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USF Searches For Ways To Boost Black Enrollment After Years Of Decline

student walking on campus, looking at her phone
Tim Fanning
WUSF Public Media
A student walks on the USF St. Petersburg campus.

A $60,000 grant will enable the university to hire an external consultant who can research the problem and suggest solutions.

When Black students enroll at the University of South Florida, research shows they graduate at higher rates than whites. But the number of Black students enrolling as freshman has dropped 2.4 percent since 2014, according to USF.

“It's a trend that we don't like to see,” said Paul Dosal, vice president of student success at USF. It’s also troubling, he said, because once Black students enroll at USF, they tend to do well.

"Our graduation rates and persistence rates for black students are great, in fact they are being retained and graduate at rates higher than white students."

Dosal and colleagues at USF plan to use a recent $60,000 grant from the Helios Education Foundation to research ways to boost Black enrollment.

The university says it will hire an outside consultant and come up with an action plan by June.

Anddrikk Frazier is co-founder of USF's Black Leadership Network, and is leading the effort along with Dosal to encourage more Black students to enroll as freshmen.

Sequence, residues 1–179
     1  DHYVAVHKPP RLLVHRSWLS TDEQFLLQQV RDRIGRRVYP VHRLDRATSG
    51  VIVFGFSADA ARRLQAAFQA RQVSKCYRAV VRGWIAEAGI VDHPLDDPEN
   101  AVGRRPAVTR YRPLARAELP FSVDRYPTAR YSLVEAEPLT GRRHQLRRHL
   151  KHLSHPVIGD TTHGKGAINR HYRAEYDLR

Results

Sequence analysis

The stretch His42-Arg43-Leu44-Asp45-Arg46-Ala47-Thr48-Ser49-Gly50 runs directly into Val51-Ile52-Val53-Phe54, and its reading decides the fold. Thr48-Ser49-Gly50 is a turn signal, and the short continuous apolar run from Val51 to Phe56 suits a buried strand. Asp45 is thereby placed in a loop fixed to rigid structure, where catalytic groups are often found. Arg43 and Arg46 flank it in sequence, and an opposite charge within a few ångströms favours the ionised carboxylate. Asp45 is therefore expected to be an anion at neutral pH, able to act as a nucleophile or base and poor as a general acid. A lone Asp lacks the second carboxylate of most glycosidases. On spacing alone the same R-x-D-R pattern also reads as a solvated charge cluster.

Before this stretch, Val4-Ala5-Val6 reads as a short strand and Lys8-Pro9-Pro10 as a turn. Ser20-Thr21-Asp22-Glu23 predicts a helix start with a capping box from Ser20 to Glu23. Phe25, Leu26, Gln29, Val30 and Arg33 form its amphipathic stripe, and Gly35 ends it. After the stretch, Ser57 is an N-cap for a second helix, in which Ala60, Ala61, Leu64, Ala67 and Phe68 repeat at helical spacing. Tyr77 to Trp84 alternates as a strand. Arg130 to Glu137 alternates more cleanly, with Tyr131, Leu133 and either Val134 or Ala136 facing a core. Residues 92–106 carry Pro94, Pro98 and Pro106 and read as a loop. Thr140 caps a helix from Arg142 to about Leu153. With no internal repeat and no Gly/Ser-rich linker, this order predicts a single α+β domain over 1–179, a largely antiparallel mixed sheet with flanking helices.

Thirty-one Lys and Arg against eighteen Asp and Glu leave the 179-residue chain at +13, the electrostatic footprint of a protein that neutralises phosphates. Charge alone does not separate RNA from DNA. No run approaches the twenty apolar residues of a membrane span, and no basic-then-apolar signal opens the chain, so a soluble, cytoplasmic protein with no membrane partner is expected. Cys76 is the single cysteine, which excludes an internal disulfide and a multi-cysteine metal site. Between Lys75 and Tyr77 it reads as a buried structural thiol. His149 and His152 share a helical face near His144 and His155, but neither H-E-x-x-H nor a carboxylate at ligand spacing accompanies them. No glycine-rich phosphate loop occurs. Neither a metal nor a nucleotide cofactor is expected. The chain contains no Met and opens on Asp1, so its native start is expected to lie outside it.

Frazier said more local outreach could help recruit students to USF in Tampa, St. Petersburg and Sarasota.

"I think a lot of people don't understand the breadth and scope of opportunities at all three campuses," said Frazier.

"I also think we need to make the community feel like they are engaged and a part of the USF community and I am specifically talking about the Black community."

According to a USF statement, "in 2019, 73.8 percent of Black students graduated within six years, ahead of 72.4 percent for both Hispanic and white students. "

In 2018, Black students "were retained at a rate of 95.1 percent, the highest of all racial and ethnic groups," it added.

"However, from 2014 to 2019, USF’s Black first-time-in-college student enrollment declined by 2.4 percent and Black transfer student enrollment decreased by 0.7 percent."

The Helios Education Foundation is also a sponsor of WUSF.

I cover health and K-12 education – two topics that have overlapped a lot since the pandemic began.